I would be lying if I told you I was sorry. I would be a fraud if I said I was reformed and healthy and soooo above harming myself. I’m not. I struggle every. single. day. My boyfriend doesn’t call when he says he will? Another (bitter) woman mocks my (adorable) shoes in the bar bathroom? That to-die-for dress fits a little too snugly in the dressing room? You’ll find me stuffing my face with Oreos and rushing to puke them up before an evil little carb can stick to my hips.
Basically, I’m just saying that I get it. I understand you, and you’re so far from being alone. One day you’ve got your life together, the next you’re scrambling to protect your precious Mia. Sometimes the hardest part of coping is deciding you want to change. For me, purging was a way to be in control. My friends will tell you I overthink everything. It’s so difficult for me to get out of my headspace sometimes and just exist without overanalyzing and regretting and stressing every little detail. Purging gave me the ability to focus on the physical act of throwing up with a clear end goal (finding my marker food = success) and an obvious benefit: no food absorption, no weight gain. I guess it makes sense that most sane people would question why anyone would binge if they had to go through purging afterward. Again, I understand it’s not always a conscious decision. Maybe you just wanted a light snack — some fruit or yogurt — and you walked to the kitchen, opened the fridge, and…half an hour later, you’re staring at the empty wrappers littering the floor and you feel disgusting. The guilt is so overwhelming you can’t even breathe. That’s when purging brings us the solace and control we’re desperately seeking. For me, that was the hardest thing to give up. Mia becomes a part of who you are, and she can’t be tossed aside so easily. Who else would listen and help us get skinny?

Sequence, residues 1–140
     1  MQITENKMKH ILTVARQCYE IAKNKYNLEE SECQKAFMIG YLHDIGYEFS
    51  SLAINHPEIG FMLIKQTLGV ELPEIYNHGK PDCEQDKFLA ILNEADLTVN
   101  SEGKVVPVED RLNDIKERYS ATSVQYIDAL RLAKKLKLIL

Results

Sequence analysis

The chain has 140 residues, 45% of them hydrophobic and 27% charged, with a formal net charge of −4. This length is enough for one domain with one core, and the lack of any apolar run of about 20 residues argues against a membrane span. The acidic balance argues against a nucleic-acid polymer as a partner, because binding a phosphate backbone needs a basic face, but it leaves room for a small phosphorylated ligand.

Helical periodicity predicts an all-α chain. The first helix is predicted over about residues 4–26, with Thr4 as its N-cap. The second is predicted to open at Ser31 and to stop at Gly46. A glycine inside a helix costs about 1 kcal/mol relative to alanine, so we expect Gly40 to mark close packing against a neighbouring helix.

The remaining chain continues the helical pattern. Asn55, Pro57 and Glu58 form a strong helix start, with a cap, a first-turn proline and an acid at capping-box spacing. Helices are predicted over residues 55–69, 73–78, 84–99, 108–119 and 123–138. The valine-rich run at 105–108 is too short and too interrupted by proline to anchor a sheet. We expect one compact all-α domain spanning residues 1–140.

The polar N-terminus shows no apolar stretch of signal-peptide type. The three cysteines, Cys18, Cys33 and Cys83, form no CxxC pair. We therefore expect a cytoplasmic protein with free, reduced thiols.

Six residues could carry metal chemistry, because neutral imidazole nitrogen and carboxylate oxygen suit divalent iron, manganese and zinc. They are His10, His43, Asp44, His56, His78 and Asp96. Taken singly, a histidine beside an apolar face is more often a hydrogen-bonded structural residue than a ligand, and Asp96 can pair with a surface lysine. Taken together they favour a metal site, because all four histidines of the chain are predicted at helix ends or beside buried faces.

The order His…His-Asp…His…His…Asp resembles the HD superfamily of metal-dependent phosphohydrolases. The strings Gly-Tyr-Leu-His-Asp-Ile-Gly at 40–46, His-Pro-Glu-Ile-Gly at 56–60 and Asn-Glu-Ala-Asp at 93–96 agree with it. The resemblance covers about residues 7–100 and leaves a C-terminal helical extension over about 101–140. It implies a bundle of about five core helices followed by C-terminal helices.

Forget skinny. Focus on fit; aspire to be healthy. One of the most terrifying things I’ve ever done was walk into a support group. I only went through with it because a scholarship adviser told me the paperwork would support my case for a scholarship appeal after a rough semester. I never dreamed the women in the group would become my friends and my therapist would be my greatest ally. I never thought I would look forward to my hour in that cozy little oasis of understanding. I know you don’t believe me — and I know you’re not ready to give Mia up.
I’m telling you that you need to anyway. For your mom, your little sister, your daughter. Don’t put them through the pain of seeing your health deteriorate. I don’t care how careful and smart you are, because eventually, it will. You do NOT want ugly hair, nails, and teeth. It’s not a good look on anyone, ladies. Eat clean, meditate, and get your heart rate up doing something you love. Take the time to love and respect yourself. You’ll feel better, look better, and begin to realize just how beautiful you are.
Now put the toothbrush away. .